The Estates General Meeting and the French Revolution

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  • 0:05 Estates General
  • 0:58 Meeting Purpose
  • 1:21 Third Estate Response
  • 2:23 Road to Revolution
  • 2:51 Lesson Summary
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Lesson Transcript
Instructor: Kevin Newton

Kevin has edited encyclopedias, taught middle and high school history, and has a master's degree in Islamic law.

The French Revolution forever changed the face of France and all of Europe. It got its start with a meeting of the Estates General called by King Louis XVI.


Few countries demonstrated the complete power of a monarch like France during the Age of Absolutism, which was a period of European history from the 16th century to the 19th century, where the kings and queens held all the power of the state. Even afterwards, while other nations were developing the political institutions that would eventually allow the people to have more power, the monarchs of France held their political power close. That's not to say that they acted as if they knew everything. In times when they needed to consult the people, they held the Estates General, a gathering of the representatives of the three estates.

The First Estate was composed of the clergy, the Second Estate was comprised of the nobility, and the Third Estate was made up of commoners. During the 17th century, this system worked well. However, by the end of the 18th century, it was woefully out of date.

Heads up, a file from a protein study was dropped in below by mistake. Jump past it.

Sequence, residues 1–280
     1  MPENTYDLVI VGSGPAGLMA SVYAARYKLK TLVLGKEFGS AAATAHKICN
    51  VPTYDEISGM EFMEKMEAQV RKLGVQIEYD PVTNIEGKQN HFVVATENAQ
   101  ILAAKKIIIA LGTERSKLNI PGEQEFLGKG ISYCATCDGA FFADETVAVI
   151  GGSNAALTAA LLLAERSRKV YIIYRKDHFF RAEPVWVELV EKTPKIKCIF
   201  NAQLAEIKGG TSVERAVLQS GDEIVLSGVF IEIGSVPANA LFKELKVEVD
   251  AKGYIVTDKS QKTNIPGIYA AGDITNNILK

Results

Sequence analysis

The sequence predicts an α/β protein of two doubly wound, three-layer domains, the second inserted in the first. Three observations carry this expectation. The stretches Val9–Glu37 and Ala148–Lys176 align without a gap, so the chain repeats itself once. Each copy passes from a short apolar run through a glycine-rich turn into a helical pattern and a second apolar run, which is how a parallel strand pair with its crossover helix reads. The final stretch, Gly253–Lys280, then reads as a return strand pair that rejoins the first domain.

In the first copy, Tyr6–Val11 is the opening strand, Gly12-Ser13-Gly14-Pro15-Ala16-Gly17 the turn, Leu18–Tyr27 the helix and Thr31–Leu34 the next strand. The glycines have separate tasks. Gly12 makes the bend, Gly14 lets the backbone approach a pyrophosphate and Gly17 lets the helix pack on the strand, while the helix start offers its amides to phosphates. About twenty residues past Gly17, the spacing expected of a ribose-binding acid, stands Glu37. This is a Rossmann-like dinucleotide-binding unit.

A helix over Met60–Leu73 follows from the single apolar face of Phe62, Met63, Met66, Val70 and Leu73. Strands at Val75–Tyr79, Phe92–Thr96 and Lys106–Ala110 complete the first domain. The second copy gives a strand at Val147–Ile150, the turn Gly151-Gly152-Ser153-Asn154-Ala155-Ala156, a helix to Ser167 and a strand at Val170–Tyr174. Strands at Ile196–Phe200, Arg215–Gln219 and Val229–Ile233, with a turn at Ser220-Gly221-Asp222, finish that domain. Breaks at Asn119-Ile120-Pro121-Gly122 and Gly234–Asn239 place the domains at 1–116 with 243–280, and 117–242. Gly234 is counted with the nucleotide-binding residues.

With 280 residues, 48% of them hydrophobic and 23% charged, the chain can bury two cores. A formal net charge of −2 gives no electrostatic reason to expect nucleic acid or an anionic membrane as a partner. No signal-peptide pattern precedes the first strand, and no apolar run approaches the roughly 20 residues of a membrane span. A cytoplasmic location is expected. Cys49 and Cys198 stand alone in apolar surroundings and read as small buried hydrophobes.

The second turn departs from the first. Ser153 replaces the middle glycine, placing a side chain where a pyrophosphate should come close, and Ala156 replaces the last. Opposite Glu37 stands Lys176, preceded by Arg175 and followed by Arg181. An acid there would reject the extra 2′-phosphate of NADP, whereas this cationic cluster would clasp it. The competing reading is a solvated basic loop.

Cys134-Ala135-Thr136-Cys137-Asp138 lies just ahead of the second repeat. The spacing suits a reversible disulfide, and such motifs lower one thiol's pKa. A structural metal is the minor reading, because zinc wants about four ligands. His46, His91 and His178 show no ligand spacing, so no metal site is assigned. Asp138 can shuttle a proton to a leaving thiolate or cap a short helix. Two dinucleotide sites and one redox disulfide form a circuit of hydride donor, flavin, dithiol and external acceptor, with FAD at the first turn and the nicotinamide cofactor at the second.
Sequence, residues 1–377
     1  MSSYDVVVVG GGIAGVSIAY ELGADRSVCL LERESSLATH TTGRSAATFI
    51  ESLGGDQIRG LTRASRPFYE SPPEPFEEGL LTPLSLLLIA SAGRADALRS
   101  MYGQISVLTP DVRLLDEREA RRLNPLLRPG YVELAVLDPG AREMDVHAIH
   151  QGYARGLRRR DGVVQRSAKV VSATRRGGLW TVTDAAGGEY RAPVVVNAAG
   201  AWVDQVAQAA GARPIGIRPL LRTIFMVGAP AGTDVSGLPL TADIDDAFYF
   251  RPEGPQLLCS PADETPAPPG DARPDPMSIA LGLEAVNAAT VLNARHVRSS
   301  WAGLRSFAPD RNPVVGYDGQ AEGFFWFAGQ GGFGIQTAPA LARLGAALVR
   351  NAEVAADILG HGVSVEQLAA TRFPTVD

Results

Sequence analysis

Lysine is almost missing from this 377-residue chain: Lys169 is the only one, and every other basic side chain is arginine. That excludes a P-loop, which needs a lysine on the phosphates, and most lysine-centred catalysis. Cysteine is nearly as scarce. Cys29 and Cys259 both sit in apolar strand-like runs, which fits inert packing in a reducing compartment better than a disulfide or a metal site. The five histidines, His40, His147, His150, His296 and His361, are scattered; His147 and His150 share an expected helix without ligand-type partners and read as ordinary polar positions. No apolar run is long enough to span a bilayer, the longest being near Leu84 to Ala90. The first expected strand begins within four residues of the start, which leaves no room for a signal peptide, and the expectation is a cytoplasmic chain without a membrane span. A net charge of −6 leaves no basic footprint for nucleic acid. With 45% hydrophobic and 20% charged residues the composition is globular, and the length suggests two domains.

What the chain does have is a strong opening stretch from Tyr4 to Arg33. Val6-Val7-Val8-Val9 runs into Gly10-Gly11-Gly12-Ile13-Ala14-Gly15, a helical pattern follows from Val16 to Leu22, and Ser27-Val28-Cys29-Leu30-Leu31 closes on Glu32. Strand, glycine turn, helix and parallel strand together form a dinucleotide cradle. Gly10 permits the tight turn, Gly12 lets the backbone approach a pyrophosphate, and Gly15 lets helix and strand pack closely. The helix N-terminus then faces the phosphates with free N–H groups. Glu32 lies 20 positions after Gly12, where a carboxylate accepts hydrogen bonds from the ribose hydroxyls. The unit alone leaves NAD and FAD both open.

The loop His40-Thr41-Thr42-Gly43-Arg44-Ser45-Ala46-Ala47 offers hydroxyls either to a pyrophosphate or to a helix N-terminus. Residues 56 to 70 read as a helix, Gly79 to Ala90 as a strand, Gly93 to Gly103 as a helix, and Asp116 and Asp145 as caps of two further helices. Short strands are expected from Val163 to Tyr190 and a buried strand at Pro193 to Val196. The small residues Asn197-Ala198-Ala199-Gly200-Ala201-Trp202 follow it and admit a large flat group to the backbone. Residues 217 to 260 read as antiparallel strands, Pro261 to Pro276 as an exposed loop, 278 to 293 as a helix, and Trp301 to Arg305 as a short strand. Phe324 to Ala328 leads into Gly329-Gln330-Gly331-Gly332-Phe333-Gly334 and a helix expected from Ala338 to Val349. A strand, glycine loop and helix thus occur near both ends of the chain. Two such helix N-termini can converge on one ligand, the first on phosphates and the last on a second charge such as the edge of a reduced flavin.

Meeting Purpose

In 1789, King Louis XVI called for the Estates General to meet and consider how to best handle the French debt. France had supported the United States against the British during The American Revolution, acquiring serious debt as a result. Those debts had to be paid, which meant an increase in taxes. While the French King's rule was absolute, it was still best for him to seek the approval of the people.

Third Estate Response

Even before the meeting of the Estates General started, it was clear that problems existed within its voting system. The First and Second Estates, comprised of the clergy and the nobility, respectively, agreed that each Estate should get one vote. This put the Third Estate at a disadvantage, because it had more representatives at the Estates General, it would effectively be silenced by the other two Estates.

In the past, the people of the Third Estate might have accepted this voting arrangement. But the French commoners, many of whom were now much wealthier, expected more political rights. As a result, the Third Estate rebelled against this state of affairs and effectively negated their own power. This gave more voting power to the nobles and to the Church.

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